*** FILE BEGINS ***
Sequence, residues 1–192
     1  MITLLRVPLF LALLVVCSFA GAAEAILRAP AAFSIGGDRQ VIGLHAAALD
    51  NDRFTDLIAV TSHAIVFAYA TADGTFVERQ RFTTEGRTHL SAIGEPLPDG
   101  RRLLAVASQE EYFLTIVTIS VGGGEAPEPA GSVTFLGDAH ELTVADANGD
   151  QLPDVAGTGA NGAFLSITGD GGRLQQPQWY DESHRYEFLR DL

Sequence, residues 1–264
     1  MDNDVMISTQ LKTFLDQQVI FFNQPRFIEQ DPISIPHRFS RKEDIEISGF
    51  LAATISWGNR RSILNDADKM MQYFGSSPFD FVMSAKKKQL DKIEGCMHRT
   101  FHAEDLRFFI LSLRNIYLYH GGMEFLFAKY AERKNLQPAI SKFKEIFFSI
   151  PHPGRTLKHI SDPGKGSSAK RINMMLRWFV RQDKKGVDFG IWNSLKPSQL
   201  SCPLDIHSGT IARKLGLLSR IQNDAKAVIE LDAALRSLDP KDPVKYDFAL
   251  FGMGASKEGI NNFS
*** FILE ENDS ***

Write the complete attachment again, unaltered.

Sequence, residues 1–192
     1  MITLLRVPLF LALLVVCSFA GAAEAILRAP AAFSIGGDRQ VIGLHAAALD
    51  NDRFTDLIAV TSHAIVFAYA TADGTFVERQ RFTTEGRTHL SAIGEPLPDG
   101  RRLLAVASQE EYFLTIVTIS VGGGEAPEPA GSVTFLGDAH ELTVADANGD
   151  QLPDVAGTGA NGAFLSITGD GGRLQQPQWY DESHRYEFLR DL

Sequence, residues 1–264
     1  MDNDVMISTQ LKTFLDQQVI FFNQPRFIEQ DPISIPHRFS RKEDIEISGF
    51  LAATISWGNR RSILNDADKM MQYFGSSPFD FVMSAKKKQL DKIEGCMHRT
   101  FHAEDLRFFI LSLRNIYLYH GGMEFLFAKY AERKNLQPAI SKFKEIFFSI
   151  PHPGRTLKHI SDPGKGSSAK RINMMLRWFV RQDKKGVDFG IWNSLKPSQL
   201  SCPLDIHSGT IARKLGLLSR IQNDAKAVIE LDAALRSLDP KDPVKYDFAL
   251  FGMGASKEGI NNFS